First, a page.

Dental clinic an eye-opener
The suffering was real.
The compassion was just as real.
One couldn’t help but be moved Friday and Saturday witnessing the free dental clinic held at St. Peter’s Episcopal Church.
The scene was both chaotic and choreographed at the same time. There was the noise of a dozen surgical suction machines mixed with music from a boom box and the chorus of 50 or 60 voices. At the same time, volunteers — about 40 of them — seemed to know where they needed to be and when they needed to be there. They worked as part of what appeared to be a well-oiled machine in roles that were new to most of them.
By any standard, it wasn’t a typical trip to the dentist’s office. There were no private offices nor piped-in elevator music. The patients sat in chairs just a few feet from other patients. There was no such thing as privacy here. The patients didn’t seem to mind, or if they did, they didn’t say anything.
Through it all, the patients seemed calm and resolute. How many times have we heard people complain about a long wait in the emergency room or a doctor’s office? There was none of that here. Some people started lining up as early as 3:30 a.m. They knew that at best, it would be 8 a.m. before somebody was able to actually see them. They probably knew the reality was that it would be far later than that. And for many it was.
Yet nobody complained.
One could argue that nobody had a right to complain. The patients were, after all, getting free dental work. But “free” isn’t quite the word we think of if it comes at the price of waiting 12 hours to get a filling.
And people did.
There could be any number of reasons why people don’t seek dental attention when they need. For some, it could be the stigma of an unpleasant visit in their past. They may wait until the pain just becomes too much and the infection too deep. For many, it boils down to money. Some don’t earn enough to be able to afford insurance or pay for a dental visit on their own. Yet they earn too much to be eligible for Medicaid. Even those who do fall under the Medicaid umbrella will find most dentists won’t take them as new patients. Dentists say they simply lose money for every Medicaid patient they see because the government will only reimburse them for half the normal fee for each procedure. And dentists do have bills to pay like everybody else does.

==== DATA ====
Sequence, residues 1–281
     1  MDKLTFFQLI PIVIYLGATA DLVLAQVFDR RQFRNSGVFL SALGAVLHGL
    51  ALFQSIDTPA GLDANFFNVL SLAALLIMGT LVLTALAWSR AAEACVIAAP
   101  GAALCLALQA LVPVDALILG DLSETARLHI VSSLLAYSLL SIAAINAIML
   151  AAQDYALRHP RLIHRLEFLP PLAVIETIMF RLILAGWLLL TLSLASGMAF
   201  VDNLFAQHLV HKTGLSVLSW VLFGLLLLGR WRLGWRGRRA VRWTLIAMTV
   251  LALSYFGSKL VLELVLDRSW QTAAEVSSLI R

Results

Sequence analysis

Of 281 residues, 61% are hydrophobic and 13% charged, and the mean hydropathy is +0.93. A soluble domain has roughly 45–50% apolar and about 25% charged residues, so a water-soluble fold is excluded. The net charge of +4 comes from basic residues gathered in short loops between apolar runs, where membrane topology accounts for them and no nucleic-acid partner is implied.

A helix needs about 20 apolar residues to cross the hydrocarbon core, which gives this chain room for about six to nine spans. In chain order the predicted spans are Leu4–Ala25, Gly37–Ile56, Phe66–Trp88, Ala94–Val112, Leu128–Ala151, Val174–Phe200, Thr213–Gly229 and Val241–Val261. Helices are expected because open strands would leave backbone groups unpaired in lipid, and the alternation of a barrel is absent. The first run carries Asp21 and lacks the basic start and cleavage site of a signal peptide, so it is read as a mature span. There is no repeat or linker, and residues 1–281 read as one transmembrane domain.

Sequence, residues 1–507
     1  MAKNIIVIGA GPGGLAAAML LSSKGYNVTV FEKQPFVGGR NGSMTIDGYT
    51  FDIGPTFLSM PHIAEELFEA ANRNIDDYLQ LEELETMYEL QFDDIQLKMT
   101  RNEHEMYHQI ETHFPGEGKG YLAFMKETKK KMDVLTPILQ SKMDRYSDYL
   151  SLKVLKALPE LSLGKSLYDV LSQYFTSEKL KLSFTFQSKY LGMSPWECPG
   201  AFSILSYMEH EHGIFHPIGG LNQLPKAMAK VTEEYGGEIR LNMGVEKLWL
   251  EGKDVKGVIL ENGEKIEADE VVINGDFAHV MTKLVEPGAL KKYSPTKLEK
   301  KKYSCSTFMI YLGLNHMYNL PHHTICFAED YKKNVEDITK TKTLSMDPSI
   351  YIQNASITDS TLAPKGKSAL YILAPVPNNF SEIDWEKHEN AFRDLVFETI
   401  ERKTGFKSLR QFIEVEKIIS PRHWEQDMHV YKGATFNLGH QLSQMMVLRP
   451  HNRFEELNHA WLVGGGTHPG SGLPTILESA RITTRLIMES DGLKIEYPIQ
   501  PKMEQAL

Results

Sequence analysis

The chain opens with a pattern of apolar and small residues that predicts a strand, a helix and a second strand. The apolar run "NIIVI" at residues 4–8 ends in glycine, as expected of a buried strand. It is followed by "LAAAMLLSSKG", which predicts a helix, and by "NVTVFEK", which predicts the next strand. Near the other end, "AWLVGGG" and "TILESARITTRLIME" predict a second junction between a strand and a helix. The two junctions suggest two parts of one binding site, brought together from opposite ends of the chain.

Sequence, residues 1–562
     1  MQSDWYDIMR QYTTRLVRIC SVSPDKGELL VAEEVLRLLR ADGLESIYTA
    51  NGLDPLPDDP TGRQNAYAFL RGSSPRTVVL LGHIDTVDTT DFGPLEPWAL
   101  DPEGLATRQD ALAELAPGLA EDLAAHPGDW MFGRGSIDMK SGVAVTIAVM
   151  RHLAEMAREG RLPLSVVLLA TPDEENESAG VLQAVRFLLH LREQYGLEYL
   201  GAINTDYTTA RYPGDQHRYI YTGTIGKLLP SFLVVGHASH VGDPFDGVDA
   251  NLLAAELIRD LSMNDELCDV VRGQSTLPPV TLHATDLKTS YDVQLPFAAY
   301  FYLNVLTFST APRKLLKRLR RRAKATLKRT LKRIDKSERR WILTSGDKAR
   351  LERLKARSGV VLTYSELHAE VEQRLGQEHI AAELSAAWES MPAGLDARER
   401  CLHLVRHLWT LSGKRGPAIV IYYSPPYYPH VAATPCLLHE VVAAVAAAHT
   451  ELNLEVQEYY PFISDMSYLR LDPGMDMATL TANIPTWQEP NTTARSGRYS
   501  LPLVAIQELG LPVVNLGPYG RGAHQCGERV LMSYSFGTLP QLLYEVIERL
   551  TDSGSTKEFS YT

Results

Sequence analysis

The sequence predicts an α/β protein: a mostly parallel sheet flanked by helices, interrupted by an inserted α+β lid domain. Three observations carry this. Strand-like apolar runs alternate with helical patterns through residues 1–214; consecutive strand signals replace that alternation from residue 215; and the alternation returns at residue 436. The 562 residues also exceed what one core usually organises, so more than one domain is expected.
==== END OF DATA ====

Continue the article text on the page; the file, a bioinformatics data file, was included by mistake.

So where do we go from here?
Slott and the local dentists who participated can’t fix the bureaucracy, but he and others also can do what they can. The two-day dental clinic was part of that. It doesn’t come close to curing the dental issues facing the people in the Washington area, but it’s an effort. You can sit back and do nothing or you can step up to the plate and do something, even if it’s not enough. Their good-hearted effort deserves our support and applause.
For the young volunteers who worked at the clinic, the situation had to have been an eye-opener. Some of us forget about those who fall between the cracks, but they are all around us.
For at least two days, we as a community showed what we are capable of. For that, we can all be proud.